I get about 4 emails a week from law students and attorneys with questions about launching a law practice. It’s an awkward and humbling experience for me. I’m not a law practice management expert and several years ago I had many of these same questions. But I try to answer as many emails and calls as I can.
I wish more startup veterans would do the same and provide mentorship to new entrepreneurs, such as taking a seat on a startup’s advisory board. A lot of the startups I work with placer a higher value on mentorship than investment capital, and would have no issue with a small equity grant to a good advisor. Do you really think startups flock to TechStars and Y Combinator for the cash?
Why does it feel like most successful startup participants have their success and fall back into the shadows of the city? Maybe it’s just Dallas. But I’m pretty sure this problem exists in most startup communities.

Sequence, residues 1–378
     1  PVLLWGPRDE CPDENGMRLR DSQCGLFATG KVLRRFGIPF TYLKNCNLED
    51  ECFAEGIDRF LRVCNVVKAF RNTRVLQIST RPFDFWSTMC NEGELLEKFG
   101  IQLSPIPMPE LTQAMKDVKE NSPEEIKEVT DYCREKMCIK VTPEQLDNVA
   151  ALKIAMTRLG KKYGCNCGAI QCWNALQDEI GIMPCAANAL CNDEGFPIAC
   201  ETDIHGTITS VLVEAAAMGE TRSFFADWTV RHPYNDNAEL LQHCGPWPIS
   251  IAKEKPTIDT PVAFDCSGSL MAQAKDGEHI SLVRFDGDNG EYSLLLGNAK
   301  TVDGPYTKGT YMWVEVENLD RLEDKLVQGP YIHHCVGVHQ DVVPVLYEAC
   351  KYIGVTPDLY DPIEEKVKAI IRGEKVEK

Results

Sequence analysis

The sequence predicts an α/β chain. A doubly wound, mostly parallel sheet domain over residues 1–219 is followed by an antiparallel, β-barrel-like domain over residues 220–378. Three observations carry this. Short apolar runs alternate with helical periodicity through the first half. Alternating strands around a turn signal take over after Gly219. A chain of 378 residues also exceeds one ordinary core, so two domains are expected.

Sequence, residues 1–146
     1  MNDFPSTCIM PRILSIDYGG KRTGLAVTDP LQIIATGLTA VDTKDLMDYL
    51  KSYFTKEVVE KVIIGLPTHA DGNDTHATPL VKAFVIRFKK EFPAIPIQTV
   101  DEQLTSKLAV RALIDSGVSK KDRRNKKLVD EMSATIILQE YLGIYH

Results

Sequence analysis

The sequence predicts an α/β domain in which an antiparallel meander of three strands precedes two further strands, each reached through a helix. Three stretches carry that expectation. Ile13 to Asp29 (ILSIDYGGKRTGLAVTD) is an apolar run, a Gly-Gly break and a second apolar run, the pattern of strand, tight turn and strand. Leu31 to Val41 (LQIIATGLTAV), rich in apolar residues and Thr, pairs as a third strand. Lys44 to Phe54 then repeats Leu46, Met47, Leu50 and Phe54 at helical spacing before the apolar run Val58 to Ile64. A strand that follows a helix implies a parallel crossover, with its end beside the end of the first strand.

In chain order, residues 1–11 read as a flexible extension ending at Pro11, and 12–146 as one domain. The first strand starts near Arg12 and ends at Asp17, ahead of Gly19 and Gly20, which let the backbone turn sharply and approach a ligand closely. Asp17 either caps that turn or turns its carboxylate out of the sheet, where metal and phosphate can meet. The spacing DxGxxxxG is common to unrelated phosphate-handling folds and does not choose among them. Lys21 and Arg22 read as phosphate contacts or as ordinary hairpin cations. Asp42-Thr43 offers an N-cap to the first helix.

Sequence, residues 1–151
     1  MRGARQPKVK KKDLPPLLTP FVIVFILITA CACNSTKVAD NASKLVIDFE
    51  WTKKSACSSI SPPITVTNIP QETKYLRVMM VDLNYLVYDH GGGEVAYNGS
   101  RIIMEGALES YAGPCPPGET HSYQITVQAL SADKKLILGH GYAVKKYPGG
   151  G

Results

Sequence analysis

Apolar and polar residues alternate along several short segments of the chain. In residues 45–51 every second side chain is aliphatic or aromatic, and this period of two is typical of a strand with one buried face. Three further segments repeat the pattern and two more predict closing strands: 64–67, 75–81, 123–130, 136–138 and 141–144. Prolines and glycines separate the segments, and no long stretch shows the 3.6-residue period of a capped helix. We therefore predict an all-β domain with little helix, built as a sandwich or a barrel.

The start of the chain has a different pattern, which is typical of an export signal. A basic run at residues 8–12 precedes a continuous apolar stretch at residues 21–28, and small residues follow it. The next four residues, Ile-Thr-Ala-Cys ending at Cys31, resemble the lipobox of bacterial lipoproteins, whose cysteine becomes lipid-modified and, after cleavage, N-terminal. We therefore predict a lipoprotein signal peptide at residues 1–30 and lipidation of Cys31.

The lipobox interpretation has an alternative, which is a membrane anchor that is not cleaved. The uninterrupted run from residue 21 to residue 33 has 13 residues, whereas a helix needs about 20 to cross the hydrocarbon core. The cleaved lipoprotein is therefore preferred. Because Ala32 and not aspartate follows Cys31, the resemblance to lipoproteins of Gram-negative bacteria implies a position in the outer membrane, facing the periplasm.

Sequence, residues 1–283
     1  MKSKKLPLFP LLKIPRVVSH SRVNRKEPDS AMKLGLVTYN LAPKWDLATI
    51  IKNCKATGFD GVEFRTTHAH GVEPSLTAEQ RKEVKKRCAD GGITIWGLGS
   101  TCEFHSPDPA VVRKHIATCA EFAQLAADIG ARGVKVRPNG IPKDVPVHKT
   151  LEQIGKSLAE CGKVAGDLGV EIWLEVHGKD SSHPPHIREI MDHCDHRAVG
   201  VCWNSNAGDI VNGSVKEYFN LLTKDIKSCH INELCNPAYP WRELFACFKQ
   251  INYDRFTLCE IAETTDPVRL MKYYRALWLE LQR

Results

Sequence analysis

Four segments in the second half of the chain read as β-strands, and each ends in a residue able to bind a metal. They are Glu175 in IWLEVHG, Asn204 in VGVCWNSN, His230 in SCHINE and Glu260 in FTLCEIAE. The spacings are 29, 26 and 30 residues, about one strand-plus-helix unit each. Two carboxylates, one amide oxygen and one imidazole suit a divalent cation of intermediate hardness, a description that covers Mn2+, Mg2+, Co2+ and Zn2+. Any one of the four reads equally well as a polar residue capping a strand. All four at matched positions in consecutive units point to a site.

There are successful startup veterans in every community. They just don’t engage with the local startup scene for one reason or another. But I’m willing to bet these startup veterans received good advice along the way–or wish they did–and would be willing to return the favor.
I think it’s time to start a Startup-Advisor Dating service, in the spirit of Founder Dating. In addition to the hacker meets pixel pusher events, how about hacker & pixel pusher meet advisor events?
Maybe there’s one around that I’m missing. Anybody?